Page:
In one ancient version of the legend, Lilith left Eden and began birthing her own children. God sent three angels to bring her back, and when she refused, they promised they would kill 100 of her children every day until she returned. Lilith in turn vowed to destroy human children.

    Accounts of Lilith as a child-killer seem to be taken directly from the Lamastu legend. She is often described as a winged demoness with sharp talons, who came in the night, primarily to steal away infants and fetuses. Most likely, the Jews assimilated the figure of Lamastu into their tradition, but it's also possible that both myths were inspired by a third figure.

    While she is often depicted as a terrifying creature, Lilith also had seductive qualities. The ancient Jews believed she would come to men at night as a succubus.

    from science.howstuffworks.com/vampire1.htm

    love all-ways,
    mem
    • Re: Who is Lamashtu?

      Sat, November 8, 2008 - 10:58 PM
      Oh, of course... I was thinking Lamashtu was somehow akin to Lilith. Or, in the Greek version, the Lamia...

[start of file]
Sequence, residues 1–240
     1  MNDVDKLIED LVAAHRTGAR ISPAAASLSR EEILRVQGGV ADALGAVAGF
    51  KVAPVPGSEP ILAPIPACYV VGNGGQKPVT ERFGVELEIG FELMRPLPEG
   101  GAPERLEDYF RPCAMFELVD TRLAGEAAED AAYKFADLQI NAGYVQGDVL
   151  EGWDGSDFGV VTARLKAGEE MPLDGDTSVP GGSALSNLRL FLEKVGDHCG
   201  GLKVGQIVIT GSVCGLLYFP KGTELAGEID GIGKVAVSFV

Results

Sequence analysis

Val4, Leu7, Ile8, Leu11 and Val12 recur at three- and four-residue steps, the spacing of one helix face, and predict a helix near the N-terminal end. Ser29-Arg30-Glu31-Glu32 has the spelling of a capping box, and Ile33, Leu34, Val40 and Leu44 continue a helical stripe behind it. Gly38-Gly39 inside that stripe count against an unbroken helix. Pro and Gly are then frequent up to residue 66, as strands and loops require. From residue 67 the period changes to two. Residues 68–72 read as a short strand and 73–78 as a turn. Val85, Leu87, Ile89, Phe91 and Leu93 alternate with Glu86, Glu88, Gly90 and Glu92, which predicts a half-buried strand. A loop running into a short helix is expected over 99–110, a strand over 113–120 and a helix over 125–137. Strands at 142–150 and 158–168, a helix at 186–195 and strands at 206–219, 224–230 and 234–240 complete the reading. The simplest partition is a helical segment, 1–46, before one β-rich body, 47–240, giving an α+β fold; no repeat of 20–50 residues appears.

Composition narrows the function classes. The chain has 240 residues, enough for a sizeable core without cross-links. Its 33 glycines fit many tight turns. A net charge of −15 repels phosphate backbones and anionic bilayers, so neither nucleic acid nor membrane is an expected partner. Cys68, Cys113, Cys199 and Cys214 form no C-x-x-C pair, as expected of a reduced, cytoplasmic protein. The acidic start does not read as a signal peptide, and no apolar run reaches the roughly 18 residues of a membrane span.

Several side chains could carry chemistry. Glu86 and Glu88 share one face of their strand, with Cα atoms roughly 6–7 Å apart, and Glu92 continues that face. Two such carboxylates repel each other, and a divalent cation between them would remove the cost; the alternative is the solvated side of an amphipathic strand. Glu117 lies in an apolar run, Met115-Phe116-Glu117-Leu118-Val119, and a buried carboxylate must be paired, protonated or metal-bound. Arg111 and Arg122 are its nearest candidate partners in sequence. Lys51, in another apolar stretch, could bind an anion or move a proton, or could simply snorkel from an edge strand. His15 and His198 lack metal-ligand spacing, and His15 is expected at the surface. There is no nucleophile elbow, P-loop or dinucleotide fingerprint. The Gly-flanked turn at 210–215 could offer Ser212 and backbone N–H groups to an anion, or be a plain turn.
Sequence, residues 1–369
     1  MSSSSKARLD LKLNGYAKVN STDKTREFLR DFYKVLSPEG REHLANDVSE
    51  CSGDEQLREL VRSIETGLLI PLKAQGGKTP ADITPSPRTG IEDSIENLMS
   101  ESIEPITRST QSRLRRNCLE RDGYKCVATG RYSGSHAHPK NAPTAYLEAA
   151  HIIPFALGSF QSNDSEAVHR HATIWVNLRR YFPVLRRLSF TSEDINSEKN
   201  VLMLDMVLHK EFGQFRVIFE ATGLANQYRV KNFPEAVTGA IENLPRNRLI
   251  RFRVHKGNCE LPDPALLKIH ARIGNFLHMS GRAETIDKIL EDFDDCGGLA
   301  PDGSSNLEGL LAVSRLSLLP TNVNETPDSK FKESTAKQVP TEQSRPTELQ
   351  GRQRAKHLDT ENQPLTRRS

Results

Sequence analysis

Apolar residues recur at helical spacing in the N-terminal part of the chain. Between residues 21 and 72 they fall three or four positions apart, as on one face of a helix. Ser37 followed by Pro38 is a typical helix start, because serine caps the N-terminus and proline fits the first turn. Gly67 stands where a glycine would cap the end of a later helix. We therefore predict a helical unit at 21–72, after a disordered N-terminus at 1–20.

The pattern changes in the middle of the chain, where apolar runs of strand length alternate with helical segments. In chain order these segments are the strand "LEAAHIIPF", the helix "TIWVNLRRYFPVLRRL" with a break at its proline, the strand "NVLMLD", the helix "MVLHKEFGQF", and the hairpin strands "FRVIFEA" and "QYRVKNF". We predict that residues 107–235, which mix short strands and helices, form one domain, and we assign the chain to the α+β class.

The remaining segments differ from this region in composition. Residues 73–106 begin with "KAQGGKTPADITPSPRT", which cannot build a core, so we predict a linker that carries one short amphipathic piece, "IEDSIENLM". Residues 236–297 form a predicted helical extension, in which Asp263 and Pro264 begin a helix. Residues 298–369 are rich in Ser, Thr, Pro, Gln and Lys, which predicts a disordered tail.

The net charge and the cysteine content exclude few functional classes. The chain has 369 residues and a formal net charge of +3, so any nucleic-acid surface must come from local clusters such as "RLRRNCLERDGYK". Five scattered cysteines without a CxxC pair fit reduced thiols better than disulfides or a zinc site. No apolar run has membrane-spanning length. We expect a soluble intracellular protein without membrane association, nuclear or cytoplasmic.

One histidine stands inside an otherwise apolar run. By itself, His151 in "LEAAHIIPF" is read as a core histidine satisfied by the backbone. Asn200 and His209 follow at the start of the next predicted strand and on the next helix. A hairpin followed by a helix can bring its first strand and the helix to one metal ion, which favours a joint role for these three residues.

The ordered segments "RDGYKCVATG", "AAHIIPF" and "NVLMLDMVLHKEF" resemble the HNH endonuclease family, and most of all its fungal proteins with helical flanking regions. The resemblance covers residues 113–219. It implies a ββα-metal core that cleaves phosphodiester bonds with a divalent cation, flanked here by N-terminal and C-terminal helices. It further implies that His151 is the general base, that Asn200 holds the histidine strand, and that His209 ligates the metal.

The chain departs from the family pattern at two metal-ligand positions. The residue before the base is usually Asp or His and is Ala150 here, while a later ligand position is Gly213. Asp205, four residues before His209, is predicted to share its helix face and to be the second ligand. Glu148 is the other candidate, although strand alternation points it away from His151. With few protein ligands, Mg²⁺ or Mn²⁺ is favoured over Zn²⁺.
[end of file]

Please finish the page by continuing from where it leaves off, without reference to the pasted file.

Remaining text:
"The ancient Greeks believed that the Lamia was a vampire who stole little children to drink their blood. She was portrayed as a snake-like creature with a female head and breasts. Usually female, but sometimes referred to as a male or a hermaphrodite.

      According to legend, she was once a Libyan queen (or princess) who fell in love with Zeus. Zeus' jealous wife Hera deformed her into a monster and murdered their offspring. She also made Lamia unable to close her eyes, so that she couldn't find any rest from the obsessing image of her dead children. When Zeus saw what had be done to Lamia, he felt pity for her and gave his former lover a gift: she could remove her eyes, and then put them on again. This way, though sleepless, she could rest from her misfortune. Lamia envied the other mothers and took her vengeance by stealing their children and devouring them."

      www.pantheon.org/articles/l/lamia.html

      It rang a bell, but I couldn't quite place it....
      • Re: Who is Lamashtu?

        Sun, November 9, 2008 - 4:53 PM
        Any idea as what may have sent the guy scurrying? I was, after all, commenting on his own pic.

        See, I am a crazy solar Aries and that may prove the validity of astrology because I am forever doing things like that or triggering things like that. My whole life is a game of billiard…but it could be alchemical in its own way. (I prized myself as a very evolved Aries...but an Aries is still an Aries.)
        • Re: Who is Lamashtu?

          Sun, November 9, 2008 - 5:01 PM
          This is my own dark humour which should fit right in here...

          Thanks for putting the puzzle of Lamashtu together. The basic picture that wikipedia brushed showed many loopholes that are now coming together in a sensical way.